Graph by Immigration Observatory showing the monthly rate of residency document exchanges by Britons and their family members in Spain since the Withdrawal Agreement TIE first became available in July 2020.

That first period (from July to December 2020) also saw a significant number of residency authorisations granted to UK citizens who did not have the previous EU registration certificate, with a total of 32,730.

In the month of December 2020 alone, 12,269 authorisations of this type were granted, which represents 58 percent of the total number granted in that month.

Who are the Brits in Spain and where do they live?

The report also included some interesting demographic information on the types of Brits living in Spain and exchanging their residency documents.

Of the 218,540 UK nationals with a TIE issued between July 2020 to June 2023, those aged 65 and over and aged between 50 to 64 made up 34 percent and 30 percent of the total respectively.

The average age of UK nationals living in Spain is 55 years old.

Children represented only 7 percent of the total.

51 percent of TIE holders are men (110,930) and 49 percent (107,610) are women. However, in the 65 and over group 52 percent of TIE holders are men.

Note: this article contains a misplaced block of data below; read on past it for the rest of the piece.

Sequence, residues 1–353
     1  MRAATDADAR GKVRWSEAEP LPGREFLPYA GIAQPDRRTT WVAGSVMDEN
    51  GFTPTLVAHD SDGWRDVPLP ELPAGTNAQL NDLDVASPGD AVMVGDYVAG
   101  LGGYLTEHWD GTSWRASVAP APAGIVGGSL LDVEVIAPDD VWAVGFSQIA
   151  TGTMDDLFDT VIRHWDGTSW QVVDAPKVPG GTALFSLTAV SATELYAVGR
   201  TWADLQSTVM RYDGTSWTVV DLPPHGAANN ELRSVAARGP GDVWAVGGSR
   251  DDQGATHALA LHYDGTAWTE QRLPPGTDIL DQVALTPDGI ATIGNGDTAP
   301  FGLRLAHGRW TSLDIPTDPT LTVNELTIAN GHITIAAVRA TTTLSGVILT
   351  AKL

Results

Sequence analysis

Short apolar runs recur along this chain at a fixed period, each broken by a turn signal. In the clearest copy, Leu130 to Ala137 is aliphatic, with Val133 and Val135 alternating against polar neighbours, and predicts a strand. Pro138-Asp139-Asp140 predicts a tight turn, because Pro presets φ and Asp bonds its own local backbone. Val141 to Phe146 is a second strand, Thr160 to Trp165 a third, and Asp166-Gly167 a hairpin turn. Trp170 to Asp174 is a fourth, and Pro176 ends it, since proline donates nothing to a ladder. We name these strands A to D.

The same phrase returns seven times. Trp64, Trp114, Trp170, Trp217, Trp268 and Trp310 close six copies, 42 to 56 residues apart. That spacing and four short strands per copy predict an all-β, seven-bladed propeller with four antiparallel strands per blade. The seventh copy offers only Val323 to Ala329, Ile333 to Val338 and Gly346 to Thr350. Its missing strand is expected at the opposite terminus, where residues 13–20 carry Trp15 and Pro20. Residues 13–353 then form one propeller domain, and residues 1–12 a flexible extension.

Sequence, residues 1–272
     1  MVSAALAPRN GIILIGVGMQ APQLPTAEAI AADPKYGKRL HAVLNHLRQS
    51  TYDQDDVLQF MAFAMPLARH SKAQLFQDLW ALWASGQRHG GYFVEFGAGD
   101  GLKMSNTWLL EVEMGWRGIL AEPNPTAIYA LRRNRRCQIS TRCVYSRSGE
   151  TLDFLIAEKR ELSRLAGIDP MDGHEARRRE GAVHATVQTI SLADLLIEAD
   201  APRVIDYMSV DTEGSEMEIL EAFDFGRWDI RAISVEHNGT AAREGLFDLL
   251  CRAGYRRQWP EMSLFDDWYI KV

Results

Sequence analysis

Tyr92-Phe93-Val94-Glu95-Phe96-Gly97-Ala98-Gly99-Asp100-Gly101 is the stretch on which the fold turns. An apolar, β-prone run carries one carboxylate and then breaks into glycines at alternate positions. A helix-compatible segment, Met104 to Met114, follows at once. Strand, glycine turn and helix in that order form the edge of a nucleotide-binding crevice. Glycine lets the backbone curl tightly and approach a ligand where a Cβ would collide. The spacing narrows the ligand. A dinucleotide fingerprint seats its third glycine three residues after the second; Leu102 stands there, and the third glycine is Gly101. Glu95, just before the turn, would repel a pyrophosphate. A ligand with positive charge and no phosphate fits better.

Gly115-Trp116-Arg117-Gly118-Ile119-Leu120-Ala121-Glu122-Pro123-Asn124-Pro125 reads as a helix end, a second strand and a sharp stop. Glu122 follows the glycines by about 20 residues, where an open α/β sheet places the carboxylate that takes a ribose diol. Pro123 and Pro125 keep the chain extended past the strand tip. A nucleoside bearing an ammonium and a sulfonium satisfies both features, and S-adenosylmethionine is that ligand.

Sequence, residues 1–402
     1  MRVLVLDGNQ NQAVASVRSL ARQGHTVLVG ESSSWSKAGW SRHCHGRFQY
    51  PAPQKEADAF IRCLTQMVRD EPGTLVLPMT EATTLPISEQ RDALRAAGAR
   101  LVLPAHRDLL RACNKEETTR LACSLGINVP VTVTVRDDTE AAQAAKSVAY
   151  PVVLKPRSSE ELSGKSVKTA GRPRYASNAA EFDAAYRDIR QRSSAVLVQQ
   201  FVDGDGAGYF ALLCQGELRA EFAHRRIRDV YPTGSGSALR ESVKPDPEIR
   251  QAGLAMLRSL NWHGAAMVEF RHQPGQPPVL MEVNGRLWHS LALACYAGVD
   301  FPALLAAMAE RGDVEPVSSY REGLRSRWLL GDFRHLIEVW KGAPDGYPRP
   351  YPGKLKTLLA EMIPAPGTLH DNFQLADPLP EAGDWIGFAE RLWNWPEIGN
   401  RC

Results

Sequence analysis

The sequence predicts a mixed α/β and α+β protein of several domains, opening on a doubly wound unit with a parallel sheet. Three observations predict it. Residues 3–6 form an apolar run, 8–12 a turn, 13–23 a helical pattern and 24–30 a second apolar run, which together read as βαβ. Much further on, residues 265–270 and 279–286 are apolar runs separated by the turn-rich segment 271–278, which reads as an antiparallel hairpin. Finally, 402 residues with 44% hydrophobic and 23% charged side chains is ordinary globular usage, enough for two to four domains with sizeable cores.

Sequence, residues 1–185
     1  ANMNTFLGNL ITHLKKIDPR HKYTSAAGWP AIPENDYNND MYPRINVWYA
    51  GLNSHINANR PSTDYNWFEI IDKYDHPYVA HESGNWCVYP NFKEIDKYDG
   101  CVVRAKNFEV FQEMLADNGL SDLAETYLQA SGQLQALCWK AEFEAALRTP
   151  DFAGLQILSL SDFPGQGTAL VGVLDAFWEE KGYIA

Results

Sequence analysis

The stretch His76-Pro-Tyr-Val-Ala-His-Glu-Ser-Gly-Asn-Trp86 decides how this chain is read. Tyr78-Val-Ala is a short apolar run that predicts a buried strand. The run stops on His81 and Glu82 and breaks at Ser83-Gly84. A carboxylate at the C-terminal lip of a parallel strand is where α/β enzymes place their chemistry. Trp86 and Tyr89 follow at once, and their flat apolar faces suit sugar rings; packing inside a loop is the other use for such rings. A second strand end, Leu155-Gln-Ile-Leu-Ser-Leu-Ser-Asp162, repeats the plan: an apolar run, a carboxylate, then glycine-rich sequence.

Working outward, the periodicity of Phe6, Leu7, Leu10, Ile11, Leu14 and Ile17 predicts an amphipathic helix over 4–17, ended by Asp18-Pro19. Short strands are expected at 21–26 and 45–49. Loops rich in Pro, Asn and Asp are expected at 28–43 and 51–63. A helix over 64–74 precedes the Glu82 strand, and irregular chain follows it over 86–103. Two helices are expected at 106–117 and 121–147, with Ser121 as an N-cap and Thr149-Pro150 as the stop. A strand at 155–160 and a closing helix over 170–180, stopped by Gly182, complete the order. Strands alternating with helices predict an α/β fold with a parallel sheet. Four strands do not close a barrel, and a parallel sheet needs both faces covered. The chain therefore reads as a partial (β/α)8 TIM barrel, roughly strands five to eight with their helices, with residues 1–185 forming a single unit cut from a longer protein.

The 18-34 age group is more female with 52 percent of British TIE holders being women.

Staggeringly, over half (51 percent) of Britons who have exchanged their residency documents are concentrated in just three Spanish provinces: Alicante (55,028 people; 25 percent of the total), Málaga (39,522 people; 18 percent) and the Balearic Islands (16,577 people; 8 percent).

READ ALSO: BREXIT: Why UK and Spain now strongly recommend exchanging green residency document for TIE

Is it necessary to exchange my documents?

Technically speaking it isn’t as the exchange remains optional. However, both the UK and Spanish governments have strongly recommended that UK nationals residing in Spain with the old green EU residency certificate should exchange it for a TIE as soon as possible.

This is not only because the TIE enshrines the rights of UK nationals abroad under the Brexit Withdrawal Agreement, but also due to the fact that having a TIE can make many bureaucratic processes in Spain much simpler, as well as alleviating any potential travel friction on borders when travelling to and from Spain.

The TIE also has a photo on it, something the old green EU certificate did not, and it is far more durable than the flimsy paper certificates. It does have to be renewed, however, whereas the green certificate doesn’t have an expiry date.